On why Ed Miliband could not ‘make and shape the news’ during the campaign in the way he and his communications advisers wanted to
Over a week before polling day, I questioned Ed Miliband’s strategy – see here. Essentially it was one of ignoring the Euro-noise and focussing on national policy issues close to Labour’s heart. Hence the policy announcement on the NHS that briefly deflected the media narrative for a couple of days before it headed back to the Tory-UKIP fight. The aim of his strategy was to ignore political debate on where Labour is seen as weaker in the mainstream press, and focus on its strengths – irrespective of context. An aggressive, co-ordinated media and social media campaign with as many activists and politicians ‘on message’ bore many similarities to Blair’s campaigns in the mid-late 1990s. The problem for Miliband was that while Blair had much of the media onside or not aggressively hostile to him, Miliband did not and does not.
Going around the country repeating the same lines to take is not really newsworthy
This is what Miliband did – in contrast to Farage, who found himself having to respond to the daily stream of questions regarding controversial social media posts by members and candidates of his party. Yet even some of the shocking posts that received a fair amount of media coverage did not shift the positions of the voters who long ago had already decided who they were going to vote for. Social media world too was exposed by its current limitations. While things may have flashed around Twitter, much of Farage’s core vote isn’t one that uses social media regularly. Hence Twitter storms easily bypassing them unless they somehow end up in the print media.
Where was the brave and radical Ed Miliband that some media commentators have spoken of?
Such as Polly Toynbee here. Because from where I’ve been watching from, brave and radical decisions from the top of the party were conspicuous by their absence. Miliband ran a very ‘safe’ and strategically conservative campaign compared to what it could have been. Furthermore, the response from Shadow Justice Secretary Sadiq Khan in one newspaper indicates another flaw in Labour HQ’s response – see here. If Labour had polled much better, would Mr Khan have penned such a response – one that surely must have been approved by Miliband given the centralised nature of the party?
“Hang on – didn’t Labour do well?”
Both these two articles in The Guardian (here, and here) indicate all is not well – despite the significant gains in local council seats at the local elections. In Cambridge, Labour did very well at the local elections – leaving clear water between them and their opponents. In Cambridge, Labour fought an aggressive but well planned and well-co-ordinated campaign that shot their opponents out of the water – see here. With 25 seats to the Lib Dems’ 14 seats on the council, Labour have the majority to take some risks beyond what was a solid but safe manifesto. Whether the financial situation in the council will allow for the same thing is another matter. Yet for me, Cambridge Labour did well not because of, but inspite of what was happening at central HQ.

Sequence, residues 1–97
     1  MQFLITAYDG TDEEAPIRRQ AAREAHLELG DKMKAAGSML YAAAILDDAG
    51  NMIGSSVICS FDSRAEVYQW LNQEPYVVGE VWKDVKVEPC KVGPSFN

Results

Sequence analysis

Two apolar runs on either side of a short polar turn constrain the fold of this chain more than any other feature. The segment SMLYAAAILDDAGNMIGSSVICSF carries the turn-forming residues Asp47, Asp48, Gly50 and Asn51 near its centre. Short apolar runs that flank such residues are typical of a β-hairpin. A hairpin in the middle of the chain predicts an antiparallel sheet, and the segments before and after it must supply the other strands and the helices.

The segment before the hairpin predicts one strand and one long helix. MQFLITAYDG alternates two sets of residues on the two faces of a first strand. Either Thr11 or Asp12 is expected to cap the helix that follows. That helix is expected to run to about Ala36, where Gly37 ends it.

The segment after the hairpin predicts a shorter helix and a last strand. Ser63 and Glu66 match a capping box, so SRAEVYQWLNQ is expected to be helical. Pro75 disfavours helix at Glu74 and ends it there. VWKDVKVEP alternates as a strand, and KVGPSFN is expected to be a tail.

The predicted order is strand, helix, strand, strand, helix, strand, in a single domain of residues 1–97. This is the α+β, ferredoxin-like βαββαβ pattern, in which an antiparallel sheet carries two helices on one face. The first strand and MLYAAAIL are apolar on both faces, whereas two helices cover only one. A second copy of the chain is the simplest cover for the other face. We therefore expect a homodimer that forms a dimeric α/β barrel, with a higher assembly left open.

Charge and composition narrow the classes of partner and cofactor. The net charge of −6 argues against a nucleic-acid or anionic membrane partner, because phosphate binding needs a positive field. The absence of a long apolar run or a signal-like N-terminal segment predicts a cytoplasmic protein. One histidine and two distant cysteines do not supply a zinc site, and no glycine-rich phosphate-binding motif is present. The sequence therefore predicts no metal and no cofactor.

Accounting for the differences between the local and European votes in Cambridge
At a European level in Cambridge (source Cambridge News here) the stats are
At a local council level for Cambridge, the stats are:
|Inds (inc Puffles)||1,113|
[Created with the HTML Table Generator – which is a useful little tool!]
The differences between the local council and European election votes mirror what Labour deputy leader Harriet Harman said on TV just after the European votes were announced. She said the responses from voters when out campaigning was that while voters were happy to vote for their Labour local council candidate, at a European level they felt the main three parties needed a kicking, hence voting for UKIP or the Greens.
OfCom give UKIP a helping hand
I remember reading this at the time but failed to recognise the significance of the ruling taken in March 2014 – read it in full here. Nick Robinson, the much maligned BBC journalist asked so many soft questions that someone on Twitter is now spoofing him. Treating an organisation as a major party is one thing, giving the political parties an easy ride (which is what the BBC in particular did) is another. The lack of cutting analysis and searching questions over the past month or so has made BBC current affairs programmes depressing viewing.
“What would a brave and radical Ed Miliband campaign have looked like?”
Basically I’m still none-the-wiser about What Miliband’s vision for Europe and the EU actually is. In particular, I would have wanted to know answers to the following questions:
- What is his analysis of what is wrong with Europe?
- What are his specific policies do deal with those problems?
- How is he going to work with his European sister parties to deal with those problems?